managing director Mike Murphy has been running his coffee business for nine and a half years. In that time he's seen trends come and go, but reckons cold brew coffee is the next big thing to land in New Zealand.

A brief description of the business

We are a specialty coffee company focused on roasting fair trade, organic coffee and supplying that to hospitality and retail customers throughout New Zealand.

What gave you the idea for the business?


The business actually started 15 years ago in 2001 and I purchased the business from the founders in May 2007.

It was already established when I saw an opportunity in both the organic and the fair trade coffee sector to add more of a focus on design and customer experience, so that's been my focus since I've had the company.

How has the business changed since you first took it on?

I think the biggest change would be that a lot of consumers are [now] really aware of the variety of specialty coffee available.

When I first bought the business most people would either order a short black, flat white or a long black, it was quite simple - an espresso-based culture. But now, what we're finding is there's this whole new world of coffee [that people are discovering].

We've seen a rise in consumers understanding where their food comes from and that's extended to coffee as well. Also, the rise of cold brew coffee and nitro cold brew coffee which is really an emerging category within the beverage and the coffee category.

How popular is cold brew coffee?

Just having a look at what's happening in the US, it's actually becoming a really crowded market. As more and more people learn how natural cold brew coffee is (without milk), then we will probably continue to see an increase in sales.

We were one of the first to bring it into the New Zealand market around four years ago and to sell it not only in our own cafe, but through a number of retailers and cafes. We've seen it grow quite considerably over four years and we've also seen more competitors come into the space.

What makes your coffee business different from others?

We're obsessive about innovation, we put innovation and quality at the forefront of everything we do.

Where does the name 'Kokako' come from?

The original founders, Helen and Christian, they were based in the Waitakere ranges and they really cared about conservation and sustainability. Because they were based in the Waitakere they were aware of the kokako (native bird) through their visits and work with an organisation called 'Ark in the Park' - that's where they were inspired for the name.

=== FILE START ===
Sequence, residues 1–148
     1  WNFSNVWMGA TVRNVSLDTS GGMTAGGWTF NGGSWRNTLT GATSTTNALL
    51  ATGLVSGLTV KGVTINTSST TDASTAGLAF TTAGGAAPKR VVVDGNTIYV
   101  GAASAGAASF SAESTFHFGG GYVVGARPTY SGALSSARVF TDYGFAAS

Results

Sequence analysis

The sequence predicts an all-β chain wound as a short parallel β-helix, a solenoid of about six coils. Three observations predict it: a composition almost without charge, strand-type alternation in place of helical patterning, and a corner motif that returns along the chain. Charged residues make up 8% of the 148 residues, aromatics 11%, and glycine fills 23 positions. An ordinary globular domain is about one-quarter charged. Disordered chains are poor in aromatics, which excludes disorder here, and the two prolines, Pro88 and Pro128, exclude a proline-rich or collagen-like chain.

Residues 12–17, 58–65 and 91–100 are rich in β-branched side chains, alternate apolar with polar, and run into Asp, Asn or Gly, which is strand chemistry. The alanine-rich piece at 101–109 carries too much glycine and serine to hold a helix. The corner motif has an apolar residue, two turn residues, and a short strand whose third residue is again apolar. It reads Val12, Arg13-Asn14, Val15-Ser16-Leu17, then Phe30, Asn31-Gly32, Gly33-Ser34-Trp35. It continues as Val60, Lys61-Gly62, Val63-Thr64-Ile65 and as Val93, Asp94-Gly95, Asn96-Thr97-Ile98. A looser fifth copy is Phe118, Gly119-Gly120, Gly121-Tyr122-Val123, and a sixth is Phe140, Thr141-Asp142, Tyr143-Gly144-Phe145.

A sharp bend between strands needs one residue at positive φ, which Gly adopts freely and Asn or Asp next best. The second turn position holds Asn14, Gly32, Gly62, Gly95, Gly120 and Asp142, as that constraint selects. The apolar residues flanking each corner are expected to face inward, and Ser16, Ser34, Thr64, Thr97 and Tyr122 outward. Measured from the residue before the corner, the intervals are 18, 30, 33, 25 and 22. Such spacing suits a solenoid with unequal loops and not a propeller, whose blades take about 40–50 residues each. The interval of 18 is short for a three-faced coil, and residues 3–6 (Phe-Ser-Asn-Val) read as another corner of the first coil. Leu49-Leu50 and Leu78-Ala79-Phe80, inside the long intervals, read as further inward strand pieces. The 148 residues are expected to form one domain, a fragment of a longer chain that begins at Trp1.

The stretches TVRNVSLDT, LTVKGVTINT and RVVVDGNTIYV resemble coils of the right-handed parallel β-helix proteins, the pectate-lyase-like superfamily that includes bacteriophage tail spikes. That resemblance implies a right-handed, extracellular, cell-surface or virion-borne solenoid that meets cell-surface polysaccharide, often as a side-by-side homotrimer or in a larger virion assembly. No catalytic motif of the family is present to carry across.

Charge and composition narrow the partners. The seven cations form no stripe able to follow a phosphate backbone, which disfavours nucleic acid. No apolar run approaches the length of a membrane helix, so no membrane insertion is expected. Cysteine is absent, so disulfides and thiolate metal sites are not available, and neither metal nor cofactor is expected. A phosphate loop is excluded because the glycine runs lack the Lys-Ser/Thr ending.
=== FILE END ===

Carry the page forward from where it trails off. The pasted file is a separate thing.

Tell me about your cafe?

The Grey Lynn cafe opened in 2012 and at the time we were looking to re-establish a flagship site for customers to interact with our brand. We wanted a retail site that would showcase to potential wholesale customers our passion for coffee and innovation.

It has enabled us to have all parts of our business on display to both consumers and prospectus customers.

What has been the biggest challenge you have faced?

Initially I tried to do too many things at once. We had a catering business, a production kitchen, we did food, we did drinking chocolate and we ran a cafe.

Since we have focused on being a coffee specialist that's where we've really seen a lot of growth and strengthened the business. The biggest mistake was thinking we could be more diverse than we are now.

Tell me about Rotoehu Ecological Trust working bee, how were you involved?
Kokako marketing assistant Olivia Coote explains: The Kokako and Rotoehu Ecological Trust working bee was formed when the Kokako team would join Rotoehu Forest for a day and help out with any conservation activities that needed doing.

In 2015 we went down as a team of five and helped clear tracks in the Trust's newly established management area. This year, the working bee expanded to include staff from local Kokako Coffee outposts.

Murphy: This trip was about influencing other small businesses to realise it's not hard to get involved in these types of initiatives.

Getting involved in a community group or doing a community working bee like this is really good for staff morale and allows our team to go away together to do something meaningful that is not just based on doing business - it's an incredibly powerful thing to do.

What advice would you give to other small business operators?

The main thing is to stick to your core values no matter what people may say - don't be influenced by people's opinions.

Understand your margins really well and understand the diversity of your customer base that you can throw your products in to. Have a really good strategic plan as to how you are going to grow in New Zealand and possibly offshore.

Lastly, establish a board. No matter what size business you are, you should have other people outside your business that have more experience than you, that are keeping you in check.